Praying with St. Patrick: Christ be my everything

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By Hal Green

No one understood oneness with Christ better than St. Patrick (388-461). Though surrounded by myths and legends, Patrick was a real person who did incredible works through the power of Jesus Christ. His twin objectives were the glory of God and the salvation of humanity. His zeal for the Lord was matched by his zeal for souls. Bill Bright, the founder of Campus Crusade for Christ, said what we need to evangelize is a love for Jesus Christ, and because of our love for him, “a love for them,” for humanity.

Hal Green

Patrick truly had both. In his own words: “I was born of a father who was a Decurion (a minor Roman noble), but I sold my nobility, I blush not to state, nor am I sorry. I sold my nobility for the profit of others. In short, I am a slave in Christ to a foreign land on account of the unspeakable glory of the eternal life which is in Christ, our Lord.”

There may have been Christians in Ireland, but Patrick brought Christ to Ireland in a charismatic and permanent fashion. In only 30 years, he transformed a group of Druid tribes into a Christian nation. He reportedly founded more than 300 churches, baptized more than 100,000 persons, ordained around 5,000 priests and 350 bishops. Patrick became their patron saint. He did so by re-presenting Christ in his own person and powerfully proclaiming the Good News of Jesus Christ. He imprinted the mark of Christ on the Irish people as enduringly as the shamrock, which he apparently used as a symbol for the Trinity, and which Ireland adopted as its own symbol. Truly, Patrick and Ireland are fused together.

Patrick’s personal prayer, which was reportedly discovered hidden in his breastplate after his death, could be called the “Christ be my everything” prayer, for its terse petitions contain the essence of the Christian life: a life of mission with, in and through Jesus Christ. Its power rests in its pure “Christ-consciousness.” It simply asks: “Christ be one with me!” Though there is more than one version available, this one especially speaks to me:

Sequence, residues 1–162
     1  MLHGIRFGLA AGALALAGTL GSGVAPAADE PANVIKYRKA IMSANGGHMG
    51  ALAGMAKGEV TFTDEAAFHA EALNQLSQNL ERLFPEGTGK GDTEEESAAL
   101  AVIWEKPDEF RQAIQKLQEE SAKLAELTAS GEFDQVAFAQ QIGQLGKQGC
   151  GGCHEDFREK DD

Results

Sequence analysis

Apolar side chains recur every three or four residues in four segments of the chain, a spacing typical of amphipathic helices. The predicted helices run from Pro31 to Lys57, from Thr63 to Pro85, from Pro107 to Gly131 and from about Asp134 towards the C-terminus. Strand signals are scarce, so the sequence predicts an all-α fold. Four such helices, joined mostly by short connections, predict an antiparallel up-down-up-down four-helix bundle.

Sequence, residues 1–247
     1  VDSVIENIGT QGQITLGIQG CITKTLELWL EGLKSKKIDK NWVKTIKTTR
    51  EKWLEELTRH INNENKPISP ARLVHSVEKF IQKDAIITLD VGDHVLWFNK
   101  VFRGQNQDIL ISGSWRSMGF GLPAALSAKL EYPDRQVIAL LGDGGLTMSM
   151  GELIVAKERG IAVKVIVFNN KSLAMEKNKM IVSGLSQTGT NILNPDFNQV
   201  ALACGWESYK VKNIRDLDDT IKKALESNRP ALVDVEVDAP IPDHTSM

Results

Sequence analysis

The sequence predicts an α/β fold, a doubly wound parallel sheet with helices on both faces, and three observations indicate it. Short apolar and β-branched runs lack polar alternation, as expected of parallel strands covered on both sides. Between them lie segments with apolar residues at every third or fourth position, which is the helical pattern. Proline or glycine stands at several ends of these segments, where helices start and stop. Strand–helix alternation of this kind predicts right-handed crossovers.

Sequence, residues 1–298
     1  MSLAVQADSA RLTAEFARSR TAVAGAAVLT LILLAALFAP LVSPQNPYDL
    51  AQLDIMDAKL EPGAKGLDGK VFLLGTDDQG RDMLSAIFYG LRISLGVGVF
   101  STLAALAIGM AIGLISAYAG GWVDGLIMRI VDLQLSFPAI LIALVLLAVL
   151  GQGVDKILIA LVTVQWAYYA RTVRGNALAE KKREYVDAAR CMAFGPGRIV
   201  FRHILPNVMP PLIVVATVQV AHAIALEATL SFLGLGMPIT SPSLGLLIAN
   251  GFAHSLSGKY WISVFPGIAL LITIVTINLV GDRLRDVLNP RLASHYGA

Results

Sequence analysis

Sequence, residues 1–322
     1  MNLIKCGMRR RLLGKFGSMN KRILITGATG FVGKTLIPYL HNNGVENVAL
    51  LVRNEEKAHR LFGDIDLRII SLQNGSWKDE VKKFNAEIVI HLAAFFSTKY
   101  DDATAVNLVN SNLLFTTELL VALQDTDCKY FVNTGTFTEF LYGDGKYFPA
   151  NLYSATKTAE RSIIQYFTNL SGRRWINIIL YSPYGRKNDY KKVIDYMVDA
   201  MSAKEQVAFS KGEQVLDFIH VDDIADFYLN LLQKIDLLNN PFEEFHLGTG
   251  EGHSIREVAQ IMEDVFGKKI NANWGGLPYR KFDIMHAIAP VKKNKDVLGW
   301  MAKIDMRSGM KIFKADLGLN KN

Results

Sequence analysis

As you read this prayer, also pray it, getting into its rhythm:

“Christ be with me, Christ within me,
Christ behind me, Christ before me,
Christ beside me, Christ to win me,
Christ to comfort and restore me,
Christ beneath me, Christ above me,
Christ in quiet, Christ in danger,
Christ in hearts of all that love me,
Christ in mouth of friend and stranger.”

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Praying Patrick’s prayer can bring you comfort and strength. It can intensify your faith to move forward unafraid; for in truth, Christ is with you.

(Hal Green, Ph.D., has taught and written about prayer extensively. A former religion professor and Methodist pastor, he joined the Catholic Church in 2011, and is a member of Ss. Mary & Mathias Parish in Muscatine. A podcast version is available at drhalgreen.com)


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